Multiculturalism is a regressive, post-nation state (return to) tribalism.
Immonen is 100% correct.
He went on to state that he opposes multiculturalism and believes a uniform culture is better. He claimed that in many countries immigration brings ghettos, alienation, crime and radicalization — “I oppose all those things” — and insisted that Finland has succeeded because people of the same background have pulled together.
In a press conference held on Wednesday morning, MP Olli Immonen was flanked by his party superiors (but with Finns Party leader Timo Soini visibly absent) when he announced that he’s applied for and been granted a 2-month leave from his parliamentary duties. He said that as Finland is in a difficult situation economically, and employment- and immigration-wise, his party needs to address these issues and not deal with the fallout from his controversial text.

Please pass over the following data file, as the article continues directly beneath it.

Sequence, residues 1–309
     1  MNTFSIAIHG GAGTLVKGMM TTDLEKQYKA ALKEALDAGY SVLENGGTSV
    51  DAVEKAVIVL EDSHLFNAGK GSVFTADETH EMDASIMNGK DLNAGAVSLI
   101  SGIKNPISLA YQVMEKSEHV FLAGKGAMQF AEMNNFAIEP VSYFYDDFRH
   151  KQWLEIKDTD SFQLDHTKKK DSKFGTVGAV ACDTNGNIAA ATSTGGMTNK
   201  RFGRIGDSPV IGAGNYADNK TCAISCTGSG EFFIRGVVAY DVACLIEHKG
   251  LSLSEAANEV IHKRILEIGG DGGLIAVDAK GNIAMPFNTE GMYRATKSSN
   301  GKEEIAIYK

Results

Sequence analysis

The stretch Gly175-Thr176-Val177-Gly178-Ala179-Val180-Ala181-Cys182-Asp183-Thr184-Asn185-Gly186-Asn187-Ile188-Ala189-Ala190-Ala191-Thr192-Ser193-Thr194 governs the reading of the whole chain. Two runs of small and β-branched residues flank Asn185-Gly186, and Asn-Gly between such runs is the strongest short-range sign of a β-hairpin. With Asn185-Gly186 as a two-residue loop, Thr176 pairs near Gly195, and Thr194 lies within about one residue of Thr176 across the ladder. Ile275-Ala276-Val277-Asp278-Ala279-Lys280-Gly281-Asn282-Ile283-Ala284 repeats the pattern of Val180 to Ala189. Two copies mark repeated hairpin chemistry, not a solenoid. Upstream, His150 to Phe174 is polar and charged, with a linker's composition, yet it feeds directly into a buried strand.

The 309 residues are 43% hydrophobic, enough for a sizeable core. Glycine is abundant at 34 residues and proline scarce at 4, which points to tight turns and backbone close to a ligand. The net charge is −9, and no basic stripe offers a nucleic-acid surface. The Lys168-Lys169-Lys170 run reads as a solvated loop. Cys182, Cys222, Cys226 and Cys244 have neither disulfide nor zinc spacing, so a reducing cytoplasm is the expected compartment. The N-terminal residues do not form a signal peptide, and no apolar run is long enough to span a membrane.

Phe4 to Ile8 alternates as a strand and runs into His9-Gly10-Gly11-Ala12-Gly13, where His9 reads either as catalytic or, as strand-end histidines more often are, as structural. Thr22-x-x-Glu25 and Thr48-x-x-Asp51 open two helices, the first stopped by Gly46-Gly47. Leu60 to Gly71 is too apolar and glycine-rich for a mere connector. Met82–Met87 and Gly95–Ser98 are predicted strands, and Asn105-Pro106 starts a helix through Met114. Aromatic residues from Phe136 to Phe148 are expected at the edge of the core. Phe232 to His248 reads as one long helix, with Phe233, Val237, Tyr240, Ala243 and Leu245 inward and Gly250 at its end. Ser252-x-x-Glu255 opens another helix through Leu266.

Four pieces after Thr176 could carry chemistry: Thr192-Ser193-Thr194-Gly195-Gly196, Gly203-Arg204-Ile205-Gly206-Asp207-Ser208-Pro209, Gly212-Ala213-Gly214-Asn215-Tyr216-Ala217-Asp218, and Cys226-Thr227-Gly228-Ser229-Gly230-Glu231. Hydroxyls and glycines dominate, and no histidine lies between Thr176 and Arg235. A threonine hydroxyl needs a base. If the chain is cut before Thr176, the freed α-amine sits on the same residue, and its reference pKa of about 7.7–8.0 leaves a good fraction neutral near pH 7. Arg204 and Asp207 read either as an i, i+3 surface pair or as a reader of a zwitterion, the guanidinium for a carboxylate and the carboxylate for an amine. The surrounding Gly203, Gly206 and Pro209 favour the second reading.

The move will see Immonen remain a member of the party and remain in parliament, though by being outside the parliamentary group he will no longer be subject to party directives.
Immonen admitted the measure will not affect his work in parliament, and he said he will continue to serve on committees.
Immonen accused the media of twisting his words for what he described as “sensational headlines”, and criticised them for reprinting Facebook photos he had recently posted of himself posing with members of a neo-Nazi group at the grave of nationalist Eugen Schauman. “I don’t have any ties to extremist groups on the Far Right or the Far Left,” he said, adding that when the photo was taken he was not aware that the group he posed represented the Finnish National Resistance Movement.
“Many media outlets claim that my Facebook post was published on the anniversary of Utøya, but that’s not the case,” he said. The Utøya massacre took place on July 22, 2011 when mass murderer Anders Breivik took the lives of 69 people on the Norwegian island. Immonen’s post appeared two days after the anniversary of the massacre.